Turn your (Linux-) Desktop / Arduino Yún / Raspberry Pi into an USB Android Accessory: How to use the Android Accessory Protocol with pyusb

py_acc

It has been a while since the post where we explained how to Turn your Linux computer into a huge Android USB Accessory. In the former post, the process of creating a C-application to communicate with your Android device has been discussed. Today, we would like to pick up on the same topic, this time however showing how communication can be established with the “pyusb” library using Python.

Since devices like the Arduino Yún or the Raspberry Pi offer a fully implemented USB stack (based on the Linux Kernel and libusb) it becomes increasingly interesting to use Python for this task.

The Android Accessory Protocol or “Android Open Accessory” Protocol, enables intercommunication between Android devices and microcontrollers (among them several ADK-kits). Low level microcontrollers like the Arduino DUE or the Mega ADK offer a way to communicate using the Accessory Protocol, however, they sometimes fall short in terms of compatibility and stability due to the complexity of the USB communication. A device with a Linux kernel however, usually has a much more sophisticated software implementation. This in turn makes it an attractive platform for USB communication.

If you have been playing around with an ADK-kit and came to no result with your Android device, then this blog post will enable you to determine if it is your ADK-kit’s or your Android device’s fault.

Contrary to the Android USB Host API, the Accessory API is supported on a much wider range of devices. There are pros and cons for both ways of communication.

In order to accomplish USB communication with python, the “pyusb” package will be the library of choice for this example. Be aware that it will require a small tweak to work properly on Ubuntu (tested with 13.04).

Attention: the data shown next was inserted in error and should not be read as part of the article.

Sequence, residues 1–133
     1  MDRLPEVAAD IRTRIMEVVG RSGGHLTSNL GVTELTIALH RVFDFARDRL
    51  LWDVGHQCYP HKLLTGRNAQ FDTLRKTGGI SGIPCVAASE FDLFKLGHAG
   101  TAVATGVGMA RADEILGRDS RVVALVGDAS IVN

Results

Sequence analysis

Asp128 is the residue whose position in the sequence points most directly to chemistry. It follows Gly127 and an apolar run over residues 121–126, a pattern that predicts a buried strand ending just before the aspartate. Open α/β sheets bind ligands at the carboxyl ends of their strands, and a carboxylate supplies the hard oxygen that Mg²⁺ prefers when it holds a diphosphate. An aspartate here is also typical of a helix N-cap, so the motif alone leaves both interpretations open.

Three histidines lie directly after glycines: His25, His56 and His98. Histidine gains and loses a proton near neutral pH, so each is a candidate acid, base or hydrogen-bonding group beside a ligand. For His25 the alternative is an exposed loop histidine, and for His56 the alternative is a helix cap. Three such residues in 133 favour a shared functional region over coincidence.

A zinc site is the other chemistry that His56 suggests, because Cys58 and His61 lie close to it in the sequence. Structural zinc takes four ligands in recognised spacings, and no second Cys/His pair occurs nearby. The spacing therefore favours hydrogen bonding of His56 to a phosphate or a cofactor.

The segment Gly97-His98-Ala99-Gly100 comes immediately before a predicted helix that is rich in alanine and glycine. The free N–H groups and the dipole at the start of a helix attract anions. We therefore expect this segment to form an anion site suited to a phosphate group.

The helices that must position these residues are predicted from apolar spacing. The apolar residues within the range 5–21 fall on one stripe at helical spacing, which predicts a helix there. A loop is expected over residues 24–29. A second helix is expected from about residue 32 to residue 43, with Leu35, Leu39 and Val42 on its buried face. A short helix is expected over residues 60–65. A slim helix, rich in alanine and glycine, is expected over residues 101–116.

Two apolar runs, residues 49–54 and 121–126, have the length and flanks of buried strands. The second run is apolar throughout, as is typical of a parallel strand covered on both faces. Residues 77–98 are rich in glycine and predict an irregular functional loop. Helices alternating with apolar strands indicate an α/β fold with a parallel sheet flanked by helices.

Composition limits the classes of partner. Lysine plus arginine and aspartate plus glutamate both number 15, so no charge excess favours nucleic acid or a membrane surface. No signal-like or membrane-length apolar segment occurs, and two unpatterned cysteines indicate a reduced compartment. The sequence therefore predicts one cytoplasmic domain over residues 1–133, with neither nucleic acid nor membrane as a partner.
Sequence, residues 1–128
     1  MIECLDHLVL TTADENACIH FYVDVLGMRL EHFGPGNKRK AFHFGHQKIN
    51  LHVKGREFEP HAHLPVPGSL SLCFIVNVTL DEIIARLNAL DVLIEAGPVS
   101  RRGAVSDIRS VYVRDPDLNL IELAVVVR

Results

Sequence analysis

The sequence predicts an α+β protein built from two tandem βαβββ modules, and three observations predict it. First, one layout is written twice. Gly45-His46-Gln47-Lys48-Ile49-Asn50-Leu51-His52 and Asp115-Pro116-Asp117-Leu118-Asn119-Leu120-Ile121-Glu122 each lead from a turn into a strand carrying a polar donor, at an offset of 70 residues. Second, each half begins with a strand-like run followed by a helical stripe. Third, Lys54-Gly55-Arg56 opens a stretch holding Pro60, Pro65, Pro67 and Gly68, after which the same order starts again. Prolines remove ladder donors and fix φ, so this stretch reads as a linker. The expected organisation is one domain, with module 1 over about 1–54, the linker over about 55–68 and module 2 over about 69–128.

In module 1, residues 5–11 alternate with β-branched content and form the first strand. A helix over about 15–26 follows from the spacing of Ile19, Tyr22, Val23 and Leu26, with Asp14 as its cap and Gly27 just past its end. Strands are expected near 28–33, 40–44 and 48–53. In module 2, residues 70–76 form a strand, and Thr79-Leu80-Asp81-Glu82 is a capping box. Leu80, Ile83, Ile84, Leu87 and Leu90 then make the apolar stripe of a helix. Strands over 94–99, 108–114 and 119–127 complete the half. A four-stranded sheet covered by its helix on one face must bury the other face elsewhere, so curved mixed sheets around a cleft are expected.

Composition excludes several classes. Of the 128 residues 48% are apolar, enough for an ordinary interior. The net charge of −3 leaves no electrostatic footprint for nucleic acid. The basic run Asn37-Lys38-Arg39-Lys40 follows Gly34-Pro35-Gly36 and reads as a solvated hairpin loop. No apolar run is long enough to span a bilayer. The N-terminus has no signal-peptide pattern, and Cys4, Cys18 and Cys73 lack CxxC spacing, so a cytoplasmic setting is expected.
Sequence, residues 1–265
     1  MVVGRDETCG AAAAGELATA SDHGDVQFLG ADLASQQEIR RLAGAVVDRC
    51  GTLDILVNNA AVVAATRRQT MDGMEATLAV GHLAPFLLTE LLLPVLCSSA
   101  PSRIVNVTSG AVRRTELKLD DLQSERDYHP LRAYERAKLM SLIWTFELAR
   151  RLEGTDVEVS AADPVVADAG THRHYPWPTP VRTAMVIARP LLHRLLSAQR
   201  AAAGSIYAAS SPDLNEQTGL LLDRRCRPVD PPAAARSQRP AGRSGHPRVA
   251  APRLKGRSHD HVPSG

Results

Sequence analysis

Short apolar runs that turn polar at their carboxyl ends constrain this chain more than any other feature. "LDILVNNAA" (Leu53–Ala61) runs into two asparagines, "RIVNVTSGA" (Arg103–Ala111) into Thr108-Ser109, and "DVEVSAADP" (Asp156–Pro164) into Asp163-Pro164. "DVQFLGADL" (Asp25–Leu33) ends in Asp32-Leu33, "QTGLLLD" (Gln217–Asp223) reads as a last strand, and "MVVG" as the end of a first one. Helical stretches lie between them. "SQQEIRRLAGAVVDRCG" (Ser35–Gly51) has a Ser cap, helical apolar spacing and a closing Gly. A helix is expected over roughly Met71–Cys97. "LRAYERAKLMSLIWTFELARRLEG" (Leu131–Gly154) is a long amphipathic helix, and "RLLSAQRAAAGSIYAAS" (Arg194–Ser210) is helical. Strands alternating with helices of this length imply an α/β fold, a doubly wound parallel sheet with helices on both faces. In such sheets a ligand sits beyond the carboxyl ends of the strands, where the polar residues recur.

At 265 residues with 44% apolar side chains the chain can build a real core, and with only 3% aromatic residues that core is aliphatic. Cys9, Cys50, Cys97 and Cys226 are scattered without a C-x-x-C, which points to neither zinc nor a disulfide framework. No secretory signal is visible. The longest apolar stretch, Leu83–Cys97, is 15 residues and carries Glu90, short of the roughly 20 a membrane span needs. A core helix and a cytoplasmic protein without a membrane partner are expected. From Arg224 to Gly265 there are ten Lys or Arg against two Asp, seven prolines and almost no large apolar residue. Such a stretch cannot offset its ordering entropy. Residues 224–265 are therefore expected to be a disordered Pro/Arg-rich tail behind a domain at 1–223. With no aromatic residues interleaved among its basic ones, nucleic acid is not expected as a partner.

Python Application

Let’s have a look at a python code example. It will contain all steps required to put your Android device into “accessory” mode and start communication with your Desktop (or Arduino Yún / Raspberry Pi).

First off, a file named attribs.py will be created holding meta information about the accessory:

#!/usr/bin/python
# License GPLv2
# (c) Manuel Di Cerbo, Nexus-Computing GmbH
# attribs.py

MANUFACTURER = "Nexus-Computing GmbH"
MODEL_NAME = "Simple Slider"
DESCRIPTION = "A Simple Slider"
VERSION = "0.1"
URL = "http://www.nexus-computing.ch/files/SimpleAccessory.apk"
SERIAL_NUMBER = "1337"

These are the parameters required by the Open Accessory Protocol to initiate communication. If no application is installed on the Android device to handle this kind of “accessory”, the user will be prompted to head to the website described in the “URL” string. All other parameters are used to let the Android application identify the type of accessory.

Make sure that you create the “accessory.py” and “attribs.py” files in the same folder.

Furthermore, let’s have a look at the main application:

#!/usr/bin/python
# accessory.py
# License GPLv2
# (c) Manuel Di Cerbo, Nexus-Computing GmbH

import usb.core
import usb.util
import struct
import time
import threading
import os
import socket

from attribs import *

ACCESSORY_VID = 0x18D1
ACCESSORY_PID = (0x2D00, 0x2D01, 0x2D04, 0x2D05)
NETLINK_KOBJECT_UEVENT = 15

def main():
    while True:
        print("starting accessory task")
        try:
            accessory_task()
            time.sleep(5)
        except ValueError:
            pass
        print("accessory task finished")

def accessory_task():
    dev = usb.core.find(idVendor=ACCESSORY_VID);

    if dev is None:
        raise ValueError("No compatible device not found")

    print("compatible device found")

    if dev.idProduct in ACCESSORY_PID:
        print("device is in accessory mode")
    else:
        print("device is not in accessory mode yet")
        accessory(dev)